When Dr. Indiana Jones – the tweed-suited professor who just happens to be a celebrated archaeologist – is hired by the government to locate the legendary Ark of the Covenant, he finds himself up against the entire Nazi regime.
Runtime: 115 minutes
Release Date 1981-06-12
Tagline: Indiana Jones - the new hero from the creators of JAWS and STAR WARS.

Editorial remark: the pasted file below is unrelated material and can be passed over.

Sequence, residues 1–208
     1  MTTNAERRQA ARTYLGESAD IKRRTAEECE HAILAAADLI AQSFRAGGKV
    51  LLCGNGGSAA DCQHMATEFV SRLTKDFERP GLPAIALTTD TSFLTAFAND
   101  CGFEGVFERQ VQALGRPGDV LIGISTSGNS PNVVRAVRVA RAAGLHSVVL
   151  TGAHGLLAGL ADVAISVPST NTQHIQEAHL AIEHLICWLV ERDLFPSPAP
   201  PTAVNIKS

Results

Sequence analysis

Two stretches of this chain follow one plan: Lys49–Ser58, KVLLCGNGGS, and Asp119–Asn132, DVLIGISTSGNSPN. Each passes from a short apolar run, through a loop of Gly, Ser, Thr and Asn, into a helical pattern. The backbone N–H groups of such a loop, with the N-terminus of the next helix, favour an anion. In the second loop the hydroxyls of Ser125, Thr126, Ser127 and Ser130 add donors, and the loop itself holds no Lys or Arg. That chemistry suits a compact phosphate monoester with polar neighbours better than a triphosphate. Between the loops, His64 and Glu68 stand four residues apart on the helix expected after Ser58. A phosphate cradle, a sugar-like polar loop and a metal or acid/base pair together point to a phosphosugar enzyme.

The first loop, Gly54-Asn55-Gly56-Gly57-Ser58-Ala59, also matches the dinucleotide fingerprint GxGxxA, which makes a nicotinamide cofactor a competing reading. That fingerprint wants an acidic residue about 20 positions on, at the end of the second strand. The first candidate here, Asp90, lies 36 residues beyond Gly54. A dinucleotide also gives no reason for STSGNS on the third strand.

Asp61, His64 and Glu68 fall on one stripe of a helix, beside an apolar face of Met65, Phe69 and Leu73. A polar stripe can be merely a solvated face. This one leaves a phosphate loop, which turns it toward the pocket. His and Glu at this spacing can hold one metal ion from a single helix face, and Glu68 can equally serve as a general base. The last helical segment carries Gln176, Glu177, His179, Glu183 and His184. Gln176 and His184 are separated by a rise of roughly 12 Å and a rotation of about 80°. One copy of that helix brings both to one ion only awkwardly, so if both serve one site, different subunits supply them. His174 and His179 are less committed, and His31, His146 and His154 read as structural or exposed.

**Trailblazers of a Lost Art** Little wonder James Cameron and Joss Whelon movies are the biggest box-office earners. They are masters of cinematic rhetoric. The unfolding dramatic situations and controlled dialogue are meticulously contrived. Cameron could probably have potted more if it wasn't for his earnest, simplistic messages (rich bad; nature good). All three movies (_Titanic_, _Avatar_, _Avengers_) plot along comfortably then suddenly spike spectacularly. But no one has ever laid on the cinematic charm and cajolery like Stephen Spielberg. He was by far the craftiest manipulator of action and melodrama there ever was. He was the progenitor of summer blockbusters and all-ages, all-nations spectacles. At his best he had a gift for re-living and realizing that ethereal and irresistible childhood awe. If _Raiders of the Lost Ark_ (NOT the sequels... NO, not even the father- son one) was made today, exactly the same way, okay maybe in 3D with updated CGI, it would surely land at the top of the box-office heap. It is essentially the first comic book movie that wasn't a comic book (bespectacled mild-mannered Archaeology prof by day and globe-trotting whip-wielding action hero on sabbatical). _Raiders of the Lost Ark_ (the first and only) is arguably the greatest adventure movie ever cooked up. And we, the abject audience, servile participants of the artifice, were licking its boots. We wanted Spielberg and his Indy to rope us in, reel us into the action, and completely have their way with us. We overlooked the emotional manipulation and contrived trappings because it was a pure freaking joy to watch, a Lucas produced godsend. Harrison Ford was born to play it just as Steven was born to direct it. It's really too bad they had to brand and knock off inferior sequels that, while making oodles of money, tarnished the shine of the unsurpassed prototype. Indiana Jones was the perfect reluctant action hero on a selfless mission. A whip-snapping, truck-wrangling, swordster-gunning, Nazi- brawling adventurer who was matched only by his headstrong and sassy love interest, one pistol of a gal who could drink any man under the table. Not enough credit has been given to the great Lawrence Kasdan as the writer of this marvellous adventure. The script is as close to perfect as anybody could scribe. Even a dialogue-heavy expository scene (poisoned dates) was infused with a tense element of suspense. Yes, the story was hyper-fictional, completely contrived, shamelessly far-fetched... and altogether delightful. I wasn't expecting much when I went in to watch it back in 1981, but it had me wanting to do do back-flips on the way out. America's own Fab Four, Larry, Steve, Harrison and George, put on an action-adventure clinic. Possibly the only weak spot in the movie is the climax which had our hero and heroine tied to a stake while God, the almighty Mcguffin from the Old Testament, magically wrapped things up for them. "Don't look" Indy warns, with his patented crooked grin. Are you kidding? We can't possibly take out eyes off of this. With respect to lost Teddy Bears from space and anti-Nazi machinators, Raiders is Spielbergs greatest achievement. It is one of the finest films ever made, of its or any kind. It is, hands down, my desert island movie.